All of which brings us here, on a late summer day in Baltimore County. In the months leading up to his retirement announcement, and in the months since, Eugene Monroe has become an outspoken advocate for medical marijuana research. He wants to put an end to football’s opioid-abuse epidemic and ensure a better future for the men he once played with and against. It’s why he’s doing all of this: using his status to raise awareness, funding scientific trials, and embracing all the consequences that come with it. Monroe now has his biggest challenge ahead of him: taking on the NFL.
About a three-hour drive up I-95, on the southwestern edge of New Jersey’s Union County, is a city called Plainfield. It’s one of the state’s majority-black communities, a haven for many black residents since citywide riots in 1967 caused white homeowners to flee. But like other working-class black neighborhoods in the ’80s and ’90s, Plainfield was not immune to the venom of American racism. “Everyone was close, but I can remember people being harassed by the cops for the most minor things on a weekly basis,” Monroe says of his hometown.
In Plainfield, Monroe was surrounded by the love and laughter of his sprawling family. He’s the youngest of 16 kids — 10 brothers and five sisters — and also the biggest. When he was 11, his father died of multiple myeloma, a form of cancer. A self-proclaimed “science junkie” who loved to go offshore fishing with his grandfather, Monroe was pushed to play football early on by folks in the neighborhood. “They understood the opportunity that I could have,” he says of that time. “And it happened to pan out really well for me.”
In the essay announcing his retirement, Monroe lovingly recalled his first day of Pee Wee football and a memorable drill called Bull in the Ring: “As I laid out teammate after teammate, one of my coaches kept screaming, ‘Put his dick in the dirt!’ I had no idea what he was talking about, but his tone suggested that I should keep laying people out!” At Plainfield High School, he became a standout player and the anchor of the o-line, which didn’t allow a single sack in three years. According to the scouting site Rivals.com, Monroe was the third best player in the country in his senior year.
He was twice named a first-team All-State lineman, and would field offers from elite college football programs like Miami, Oklahoma, and Florida State. For Monroe, the decision was about more than playing ball. He ultimately chose the University of Virginia: academically rigorous but, relative to other powerhouse institutions, not as renowned for football. To hear him tell it, “I didn’t see things with only an athletic lens. Education was at the forefront.”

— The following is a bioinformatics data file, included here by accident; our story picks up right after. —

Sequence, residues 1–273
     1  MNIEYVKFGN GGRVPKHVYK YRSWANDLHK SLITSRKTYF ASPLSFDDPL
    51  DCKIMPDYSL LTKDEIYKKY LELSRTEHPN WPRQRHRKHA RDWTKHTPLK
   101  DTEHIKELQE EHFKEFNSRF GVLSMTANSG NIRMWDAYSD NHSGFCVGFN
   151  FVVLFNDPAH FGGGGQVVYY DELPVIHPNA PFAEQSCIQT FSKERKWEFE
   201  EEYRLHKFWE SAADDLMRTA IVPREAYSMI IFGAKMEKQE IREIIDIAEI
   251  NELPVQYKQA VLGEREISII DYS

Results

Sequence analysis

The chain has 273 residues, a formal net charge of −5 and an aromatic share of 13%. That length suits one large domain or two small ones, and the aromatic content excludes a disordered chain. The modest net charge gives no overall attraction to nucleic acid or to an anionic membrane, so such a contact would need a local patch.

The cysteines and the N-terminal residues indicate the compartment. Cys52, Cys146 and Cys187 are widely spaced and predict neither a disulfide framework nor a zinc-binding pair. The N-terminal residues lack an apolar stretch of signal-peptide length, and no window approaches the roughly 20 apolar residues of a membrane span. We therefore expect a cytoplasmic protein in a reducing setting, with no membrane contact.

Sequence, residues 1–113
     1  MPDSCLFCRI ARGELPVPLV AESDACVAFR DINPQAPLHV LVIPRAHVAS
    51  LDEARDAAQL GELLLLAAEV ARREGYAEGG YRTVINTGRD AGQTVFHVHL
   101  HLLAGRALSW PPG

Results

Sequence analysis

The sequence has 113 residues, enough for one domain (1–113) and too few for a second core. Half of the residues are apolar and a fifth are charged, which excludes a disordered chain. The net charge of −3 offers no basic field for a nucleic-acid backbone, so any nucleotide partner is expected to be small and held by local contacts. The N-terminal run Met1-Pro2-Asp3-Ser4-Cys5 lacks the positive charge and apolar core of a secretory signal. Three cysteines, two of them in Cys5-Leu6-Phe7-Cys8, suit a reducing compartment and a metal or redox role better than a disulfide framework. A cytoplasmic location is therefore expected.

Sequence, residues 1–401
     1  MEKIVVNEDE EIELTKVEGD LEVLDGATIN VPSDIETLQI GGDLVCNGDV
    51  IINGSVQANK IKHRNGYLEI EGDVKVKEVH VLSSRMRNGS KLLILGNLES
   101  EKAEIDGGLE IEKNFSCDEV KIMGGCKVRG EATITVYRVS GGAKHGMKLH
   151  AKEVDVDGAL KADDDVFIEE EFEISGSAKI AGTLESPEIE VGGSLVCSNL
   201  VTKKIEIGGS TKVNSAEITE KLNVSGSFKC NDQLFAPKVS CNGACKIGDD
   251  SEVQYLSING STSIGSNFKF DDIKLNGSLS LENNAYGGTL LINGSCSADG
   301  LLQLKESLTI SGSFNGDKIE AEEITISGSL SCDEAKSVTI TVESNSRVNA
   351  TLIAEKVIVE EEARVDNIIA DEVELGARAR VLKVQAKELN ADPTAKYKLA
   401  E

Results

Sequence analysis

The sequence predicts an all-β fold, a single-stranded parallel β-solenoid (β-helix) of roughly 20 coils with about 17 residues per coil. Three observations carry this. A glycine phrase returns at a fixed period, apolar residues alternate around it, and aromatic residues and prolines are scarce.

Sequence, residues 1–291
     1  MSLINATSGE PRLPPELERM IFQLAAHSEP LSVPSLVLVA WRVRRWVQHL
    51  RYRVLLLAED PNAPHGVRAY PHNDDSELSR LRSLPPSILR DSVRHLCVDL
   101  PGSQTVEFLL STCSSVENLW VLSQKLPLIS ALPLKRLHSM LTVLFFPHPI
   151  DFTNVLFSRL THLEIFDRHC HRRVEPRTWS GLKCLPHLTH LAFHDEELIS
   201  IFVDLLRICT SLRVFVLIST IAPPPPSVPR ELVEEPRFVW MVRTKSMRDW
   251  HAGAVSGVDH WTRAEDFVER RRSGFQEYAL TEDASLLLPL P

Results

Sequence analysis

On the first padded practice of spring camp, he suffered a knee injury that would require surgery and still bothers him to this day: “I saw a dent where my knee cap was supposed to be,” he says. Despite the early setback, he would go on to set school records, earn all-conference honors in the ACC, and guide UVA to two bowl games. When he graduated with a degree in sociology and declared for the NFL draft in 2009, Sports Illustrated labeled him “undoubtedly the best tackle prospect at the position.”
He was drafted by the Jaguars 8th overall and signed a five-year deal worth $35 million, with a guarantee of $19 million — the most in team history. “It was a lifetime of work that was realized that day, a lifetime of perseverance,” he says. The team struggled during his time in Florida, but Monroe flourished: he only missed three games in five seasons and became known as one of the premier pass blockers in the game.
“The substance that I’m fighting for is one that has a great deal of stigma deeply ingrained in people. But I understand [the league’s fear]. I used to be one of those people.”
In 2013, the rebuilding Jaguars traded Monroe to the Baltimore Ravens, who’d won a Super Bowl the year prior, in exchange for multiple draft picks. The move would prove to be a good thing for his family: he and his wife Nureya, who is from Maryland, were now closer to home. Professionally, however, Monroe’s time on the Ravens was rocky. He missed 17 of 34 games and battled multiple injuries to his knees, ankles, shoulders, and head. In early June of this year, he was released.
It was during his time on the Ravens that Monroe became more vocal off the field. Around the house and among family members, he is known as “Mr. Google” — “He wants to teach everybody everything,” Nureya says — and it was in the course of his relocation to Baltimore that he began to look more into the benefits of marijuana as a substitute to painkillers, though he never smoked while active. Less than a month before he was terminated by the Ravens, Monroe wrote an op-ed in which he called on the league to remove marijuana from the banned substances list, to contribute funds to medical marijuana research, and to stop overprescribing addictive and harmful opioids to players. When he did, he became the first active player to openly challenge the league on the issue. Weeks later, he would appear on Yahoo News, speaking with host Katie Couric, saying: “I want the NFL to take a serious look at the medical value of cannabis, which they currently deny.”
ESPN football writer Bill Barnwell says, “There were reports before Monroe published his article” — the June op-ed — “suggesting that the Ravens were going to release him, given their cap situation and his repeated injury absences, but ownership was also saying in March that Monroe was going to be their starting left tackle. It’s hardly out of the question that Baltimore would have cut Monroe without his public marijuana advocacy, but given the timing of the move, long after the money could have been freed up to use on a replacement, it seems likely that Monroe’s article and stance was at the very least part of the decision to move on.”